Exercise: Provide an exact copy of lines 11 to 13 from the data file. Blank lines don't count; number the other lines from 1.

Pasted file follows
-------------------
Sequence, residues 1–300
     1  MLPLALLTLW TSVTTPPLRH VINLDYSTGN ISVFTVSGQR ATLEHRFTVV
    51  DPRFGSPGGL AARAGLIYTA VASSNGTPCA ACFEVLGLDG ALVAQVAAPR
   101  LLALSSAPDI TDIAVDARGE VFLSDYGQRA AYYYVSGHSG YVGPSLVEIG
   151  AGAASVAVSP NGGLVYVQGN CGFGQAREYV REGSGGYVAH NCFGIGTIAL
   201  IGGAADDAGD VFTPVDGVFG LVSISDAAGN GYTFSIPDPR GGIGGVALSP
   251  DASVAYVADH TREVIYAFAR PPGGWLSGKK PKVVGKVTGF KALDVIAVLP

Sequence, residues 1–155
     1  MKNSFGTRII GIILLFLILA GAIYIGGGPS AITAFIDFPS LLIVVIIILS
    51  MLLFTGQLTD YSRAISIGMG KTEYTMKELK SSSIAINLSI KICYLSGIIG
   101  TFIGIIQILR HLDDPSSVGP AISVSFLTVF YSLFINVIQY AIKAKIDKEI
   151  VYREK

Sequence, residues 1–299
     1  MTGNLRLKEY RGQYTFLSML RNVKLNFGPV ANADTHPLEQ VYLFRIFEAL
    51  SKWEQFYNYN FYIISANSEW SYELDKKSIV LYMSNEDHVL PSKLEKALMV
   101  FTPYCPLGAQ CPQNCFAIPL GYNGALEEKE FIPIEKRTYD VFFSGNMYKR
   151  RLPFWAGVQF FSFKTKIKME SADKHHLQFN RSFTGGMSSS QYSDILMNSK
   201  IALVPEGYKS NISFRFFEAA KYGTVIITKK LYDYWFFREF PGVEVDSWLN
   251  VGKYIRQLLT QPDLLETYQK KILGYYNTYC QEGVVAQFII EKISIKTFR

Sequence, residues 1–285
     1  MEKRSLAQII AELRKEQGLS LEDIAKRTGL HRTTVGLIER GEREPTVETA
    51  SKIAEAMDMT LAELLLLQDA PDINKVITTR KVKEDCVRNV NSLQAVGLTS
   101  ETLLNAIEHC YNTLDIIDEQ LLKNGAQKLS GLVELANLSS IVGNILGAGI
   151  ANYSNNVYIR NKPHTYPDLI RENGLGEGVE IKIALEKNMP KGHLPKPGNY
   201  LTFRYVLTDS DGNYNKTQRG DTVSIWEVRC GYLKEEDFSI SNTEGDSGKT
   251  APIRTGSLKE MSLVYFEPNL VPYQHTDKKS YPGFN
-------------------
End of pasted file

   101  TFIGIIQILR HLDDPSSVGP AISVSFLTVF YSLFINVIQY AIKAKIDKEI
   151  VYREK

Sequence, residues 1–299